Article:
• All this means is that programs are organized around objects (data & methods).
• You might choose OOP because Objects make things easier to understand and act as a natural way to modularize code. When a large code base is composed of many small Objects, it is easier to maintain and change.

### OOP & Easy Understanding

Objects often take on names from their domain which makes them easy to conceptualize.

For example, without seeing my code, you can probably guess what a Bike object can do (or not do)

### OOP & Encapsulation

One thing that makes code easier to maintain is Encapsulation which is one of the fundamentals of OOP.

Encapsulation is a nice way of saying 'put all my properties/behaviors in my capsule where other objects can't touch them'.

By assigning certain responsibilities to objects, code is more purposeful and less likely to be changed by accident.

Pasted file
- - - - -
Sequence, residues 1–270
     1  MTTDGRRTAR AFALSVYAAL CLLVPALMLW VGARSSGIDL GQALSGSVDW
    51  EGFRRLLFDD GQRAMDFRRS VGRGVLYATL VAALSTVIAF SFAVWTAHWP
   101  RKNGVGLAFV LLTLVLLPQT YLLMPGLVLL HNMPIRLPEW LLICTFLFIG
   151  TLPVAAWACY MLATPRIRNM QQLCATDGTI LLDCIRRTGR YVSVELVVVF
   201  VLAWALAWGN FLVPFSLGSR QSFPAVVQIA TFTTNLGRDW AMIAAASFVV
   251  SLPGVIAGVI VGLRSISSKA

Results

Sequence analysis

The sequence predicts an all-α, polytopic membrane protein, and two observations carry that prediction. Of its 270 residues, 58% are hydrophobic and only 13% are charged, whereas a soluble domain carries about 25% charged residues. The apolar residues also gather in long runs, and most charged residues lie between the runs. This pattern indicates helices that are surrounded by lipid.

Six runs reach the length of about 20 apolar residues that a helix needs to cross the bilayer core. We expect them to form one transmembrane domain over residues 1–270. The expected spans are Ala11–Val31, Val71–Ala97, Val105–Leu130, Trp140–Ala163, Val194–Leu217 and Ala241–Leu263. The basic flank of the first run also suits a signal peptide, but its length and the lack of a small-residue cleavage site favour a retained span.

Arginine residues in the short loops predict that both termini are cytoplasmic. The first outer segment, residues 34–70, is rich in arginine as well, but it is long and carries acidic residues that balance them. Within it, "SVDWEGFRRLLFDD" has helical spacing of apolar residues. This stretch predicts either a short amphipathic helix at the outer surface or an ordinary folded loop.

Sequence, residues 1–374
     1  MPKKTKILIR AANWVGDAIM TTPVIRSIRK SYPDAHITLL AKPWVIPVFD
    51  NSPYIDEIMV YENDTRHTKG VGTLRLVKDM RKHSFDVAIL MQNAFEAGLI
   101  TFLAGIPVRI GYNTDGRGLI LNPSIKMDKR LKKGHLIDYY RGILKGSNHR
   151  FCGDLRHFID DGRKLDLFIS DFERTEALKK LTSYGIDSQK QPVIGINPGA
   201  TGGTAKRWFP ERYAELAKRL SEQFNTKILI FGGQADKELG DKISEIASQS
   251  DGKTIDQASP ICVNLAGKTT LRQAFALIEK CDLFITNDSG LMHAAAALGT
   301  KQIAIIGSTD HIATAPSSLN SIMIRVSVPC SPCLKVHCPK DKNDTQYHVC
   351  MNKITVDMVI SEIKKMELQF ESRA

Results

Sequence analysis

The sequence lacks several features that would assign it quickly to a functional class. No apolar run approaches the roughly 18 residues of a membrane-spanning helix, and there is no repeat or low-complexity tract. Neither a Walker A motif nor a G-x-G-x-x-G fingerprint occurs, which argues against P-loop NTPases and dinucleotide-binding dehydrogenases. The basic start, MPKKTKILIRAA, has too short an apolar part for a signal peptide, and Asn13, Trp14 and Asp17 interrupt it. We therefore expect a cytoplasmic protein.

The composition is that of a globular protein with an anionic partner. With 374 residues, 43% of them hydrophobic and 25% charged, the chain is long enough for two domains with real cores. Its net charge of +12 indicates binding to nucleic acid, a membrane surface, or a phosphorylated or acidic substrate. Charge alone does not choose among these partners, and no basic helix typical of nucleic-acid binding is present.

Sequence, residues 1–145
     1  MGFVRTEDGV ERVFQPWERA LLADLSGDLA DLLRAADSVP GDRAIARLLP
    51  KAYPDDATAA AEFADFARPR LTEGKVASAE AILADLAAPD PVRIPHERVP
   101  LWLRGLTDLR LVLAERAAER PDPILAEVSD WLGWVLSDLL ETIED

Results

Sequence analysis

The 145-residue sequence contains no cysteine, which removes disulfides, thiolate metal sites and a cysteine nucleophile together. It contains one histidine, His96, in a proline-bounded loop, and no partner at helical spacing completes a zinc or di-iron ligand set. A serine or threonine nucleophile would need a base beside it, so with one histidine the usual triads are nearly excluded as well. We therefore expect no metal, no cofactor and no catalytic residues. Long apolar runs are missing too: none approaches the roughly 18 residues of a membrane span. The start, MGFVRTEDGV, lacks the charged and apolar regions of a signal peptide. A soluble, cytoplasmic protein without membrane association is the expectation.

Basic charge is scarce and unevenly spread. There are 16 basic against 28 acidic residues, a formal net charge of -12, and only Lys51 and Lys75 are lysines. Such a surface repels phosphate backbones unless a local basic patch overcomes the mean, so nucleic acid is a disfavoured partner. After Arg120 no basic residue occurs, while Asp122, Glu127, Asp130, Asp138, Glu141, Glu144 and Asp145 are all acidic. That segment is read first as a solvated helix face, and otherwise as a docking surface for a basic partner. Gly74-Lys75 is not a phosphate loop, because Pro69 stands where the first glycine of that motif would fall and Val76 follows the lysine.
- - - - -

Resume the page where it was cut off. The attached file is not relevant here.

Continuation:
### OOP & Inheritance

Just as you inherited traits from your mom, your objects may inherit traits from other objects.

Inheritance is when you use one class as the basis for another.

You might use Inheritance if two objects have the same properties and methods. This way you don't need to write the same thing twice.

``````
class MyString < String
end

my_string = MyString.new
my_string.upcase
``````

### OOP & Polymorphism

• Similar to inherited traits and behaviors, there are also polymorphic traits and behaviors.
• Polymorphic means many forms.
• Within OOP, this relates to different objects being able to respond to the same message in different ways.
``````
[1, "abc"].each {|object| puts object.next}
``````

### Homework

Practice: Do some of the exercises at the end of Chapter 8 of Learn to Program.

Prep: Read Chapter 9 of Learn To Program- don't try to do the exercises at the end yet, though.